Monday, 28 June 2010

Hand made glass leaded lights

This pair of panels is made using hand-made glass (known as 'antique') - which is considerably more costly than the more commonly used machine or semi-machine made art glasses. Apart from the far more varied surface and the presence of small bubbles (seeds), the thickness of the glass varies, introducing subtle changes in colour, within the same piece of glass. This glass was fitted in June 2010 in an old Kentish farm house, which was undergoing extensive renovation. The brief was to produce some feature panels, whilst remaining sympathetic to the age of the building - hence the choice of this type of glass which is made in the ancient manner.
Its interesting to note the differences in the appearance of the glass, against a neutral background, and from each side in the finished installation.

The sandblasted work shown in the previous post, which is based on the badge of the original builders of the house, and which is present on the exterior walls can also be seen here, along with the Roman numerals for 2010, acknowledging the current restoration.
This was created by being re-drawn by an artist from a photograph of the original badge, scanning the drawing, cutting a plastic film 'resist', which is then applied to the glass prior to sandblasting

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Sandblasted glass decoration

Examples of sandblasting using different intensities and depths to achieve a variety of effects.  The glass used in the final installation was 8.8mm laminated, to provide depth and safety.  Installed in Shadoxhurst, Kent for one of our regular clients, along with a pair of traditional leaded panels


Blackheath Stained glass

Pair of new leaded door panels using a mixture of English Muffle Glass and Sahara/Corella, with a red border with outer uncoloured border in Water Glass from Spectrum.  Client decided against a traditional painted centre, in favour of a leaded motif based on some of the stucco work in this Edwardian house in Blackheath, SE3.  Fitted in June 2010

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Sunday, 20 June 2010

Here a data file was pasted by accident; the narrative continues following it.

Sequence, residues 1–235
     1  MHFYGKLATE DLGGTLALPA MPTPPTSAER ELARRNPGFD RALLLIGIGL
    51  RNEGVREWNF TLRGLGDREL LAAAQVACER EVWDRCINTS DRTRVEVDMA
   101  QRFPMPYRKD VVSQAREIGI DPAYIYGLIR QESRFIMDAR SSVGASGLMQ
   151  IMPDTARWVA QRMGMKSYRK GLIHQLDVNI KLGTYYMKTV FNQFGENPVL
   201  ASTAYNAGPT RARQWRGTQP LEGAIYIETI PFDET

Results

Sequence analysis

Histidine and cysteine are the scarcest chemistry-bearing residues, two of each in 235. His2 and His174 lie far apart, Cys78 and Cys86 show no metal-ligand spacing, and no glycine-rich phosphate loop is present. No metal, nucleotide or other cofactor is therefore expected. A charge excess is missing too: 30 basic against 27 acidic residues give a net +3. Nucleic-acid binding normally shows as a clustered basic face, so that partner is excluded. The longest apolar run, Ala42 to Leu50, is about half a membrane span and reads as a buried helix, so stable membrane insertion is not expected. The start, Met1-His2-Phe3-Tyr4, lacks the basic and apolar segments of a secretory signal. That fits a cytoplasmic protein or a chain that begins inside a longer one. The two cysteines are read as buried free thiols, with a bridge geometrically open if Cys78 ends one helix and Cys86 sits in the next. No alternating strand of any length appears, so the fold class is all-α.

Restored leaded light

A building maintenance company removed the damaged panel and delivered it to us to repalce the broken glass and relead. They took care of the refitting.
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Restored stained glass - Balham

This pair of panels, which had been partly restored in the past, had suffered bowing and a few broken pieces - mainly because they were inadequately retained in the door. Previous work had replaced one of the painted birds (presumably broken) with a plain disc of glass We were asked to restore the panels, and make them more secure. A new bird was provided and the panels partly disassembled and then re-leaded. They were refitted in June 2010 behind panels of laminated safety glass.

Installation of leaded panels behind laminated safety glass affords much greater security, since it is almost impossible to penetrate.  It also provides protection to the leaded panel, particularly for busy households. If installed on the outside – providing maximum deterrent factor, the outer sheet of glass means that the external appearance particularly in daylight is different to an unprotected panel due to reflections.The appearance from the inside is unaffected.  Some clients decide that they prefer the unprotected option, whist others are happy to accept the look, given the security provided; the unchanged appearance from the inside, and that at night the internal lighting, usually from the hall, tends to overcome the reflections, which are quite visible in this shot.
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Leaded glass - Kew

These 3 leaded glass panels were fitted behind the clear glass already present in the doors and side panles - this was possible because the rebates had sufficient depth. The house number was fitted in a panel above the door and was produced as a sandblasted (an effect similar to etching) panel. Fitted June 2010.
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Etched house number

Actually its not 'etched' - it's sandblasted - a 'resist' of adhesive film is produced with the desired pattern cut out and this is then applied to the glass - in this case to 6.4mm clear laminated safety glass. It's then subject to a stream of 'sand' fired at it in an air-jet. The effect is similar to acid-etching. The sandblasted surface is then treated to help stop dirt accumulating. All manner of patterns may be produced on glass in this way.
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